Book review: The Crown’s Fate

This is the sequel to The Crown’s Game, and going in blind, I had some misgivings.

But author Evelyn Skye’s enchanting tale of fantasy, magic and romance set in Russia is captivating, and piecing together things that happened in the first book as I went along served just as well.

From what I gleaned, at the end of The Crown’s Game, Russia is on the brink of change. Pasha is about to become the new tsar, and he’s unsure of himself. Vika, the girl he loves, loathes him, and his best friend, Nikolai, is dead – all his fault.

Vika is now the Imperial Enchanter and is bound to serve the tsar, but she is angry because Pasha had forced the end of the Game which had destroyed Nikolai.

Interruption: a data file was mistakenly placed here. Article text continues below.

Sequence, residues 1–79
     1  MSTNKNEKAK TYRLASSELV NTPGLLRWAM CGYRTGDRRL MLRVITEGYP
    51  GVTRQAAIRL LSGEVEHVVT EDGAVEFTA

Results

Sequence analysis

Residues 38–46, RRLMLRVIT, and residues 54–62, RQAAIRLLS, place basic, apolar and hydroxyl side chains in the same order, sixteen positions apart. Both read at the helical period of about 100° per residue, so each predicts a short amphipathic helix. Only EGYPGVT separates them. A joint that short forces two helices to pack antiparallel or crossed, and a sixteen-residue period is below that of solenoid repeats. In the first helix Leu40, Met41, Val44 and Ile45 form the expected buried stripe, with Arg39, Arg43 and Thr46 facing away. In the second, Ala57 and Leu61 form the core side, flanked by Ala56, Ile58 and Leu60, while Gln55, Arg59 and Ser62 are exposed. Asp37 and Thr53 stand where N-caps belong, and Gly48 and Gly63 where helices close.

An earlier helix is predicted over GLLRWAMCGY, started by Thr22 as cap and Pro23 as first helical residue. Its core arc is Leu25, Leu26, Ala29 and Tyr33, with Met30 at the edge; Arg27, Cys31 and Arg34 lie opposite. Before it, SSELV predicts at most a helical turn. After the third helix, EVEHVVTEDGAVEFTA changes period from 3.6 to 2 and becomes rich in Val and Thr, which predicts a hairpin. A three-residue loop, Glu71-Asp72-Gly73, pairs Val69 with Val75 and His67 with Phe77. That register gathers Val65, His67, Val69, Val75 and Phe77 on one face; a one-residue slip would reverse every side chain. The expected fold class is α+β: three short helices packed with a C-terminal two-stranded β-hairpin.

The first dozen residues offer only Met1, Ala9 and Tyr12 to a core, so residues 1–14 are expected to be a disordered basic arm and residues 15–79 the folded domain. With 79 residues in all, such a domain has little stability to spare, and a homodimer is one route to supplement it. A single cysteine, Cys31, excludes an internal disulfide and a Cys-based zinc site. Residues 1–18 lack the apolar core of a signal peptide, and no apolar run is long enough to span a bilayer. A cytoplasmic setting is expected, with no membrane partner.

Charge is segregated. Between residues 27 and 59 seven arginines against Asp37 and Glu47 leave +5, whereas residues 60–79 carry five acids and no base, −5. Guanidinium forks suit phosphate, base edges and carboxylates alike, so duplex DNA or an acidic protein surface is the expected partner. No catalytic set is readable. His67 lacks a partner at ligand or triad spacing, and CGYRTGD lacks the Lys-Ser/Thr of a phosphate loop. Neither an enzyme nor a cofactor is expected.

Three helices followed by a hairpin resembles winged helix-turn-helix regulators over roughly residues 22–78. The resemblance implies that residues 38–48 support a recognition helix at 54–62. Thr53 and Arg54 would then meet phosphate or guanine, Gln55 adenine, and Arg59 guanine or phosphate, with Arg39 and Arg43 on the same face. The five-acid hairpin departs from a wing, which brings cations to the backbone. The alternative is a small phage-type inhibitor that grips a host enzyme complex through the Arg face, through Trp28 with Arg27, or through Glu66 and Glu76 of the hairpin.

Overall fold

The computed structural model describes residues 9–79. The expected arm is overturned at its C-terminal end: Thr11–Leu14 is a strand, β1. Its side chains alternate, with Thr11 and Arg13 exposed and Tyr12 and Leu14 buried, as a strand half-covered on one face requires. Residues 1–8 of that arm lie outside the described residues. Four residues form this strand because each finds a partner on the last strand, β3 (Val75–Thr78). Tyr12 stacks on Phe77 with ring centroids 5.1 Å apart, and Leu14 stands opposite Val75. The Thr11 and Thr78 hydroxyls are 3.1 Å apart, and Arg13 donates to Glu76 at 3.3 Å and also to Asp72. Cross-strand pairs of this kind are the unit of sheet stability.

Once, the three were best of friends, with Nikolai being the Imperial Enchanter but he died saving Vika. Or so they thought.

Nikolai, however, is neither alive nor dead. He is caught in a world of his own creation as a shadow.

As the unknowning recipient of his mother’s dark energy, Nikolai is able to return to the world, but the dark energy inside him changes him.

As the illegitimate son of the late tsar, Nikolai now challenges Pasha for the crown – and the love of his life.

With a revolution on the rise, dangerous new magic rearing up, and a tsardom up for the taking, Pasha and Nikolai must now battle it out for control, and Vika is caught in the middle.

A riveting read for the young and old alike.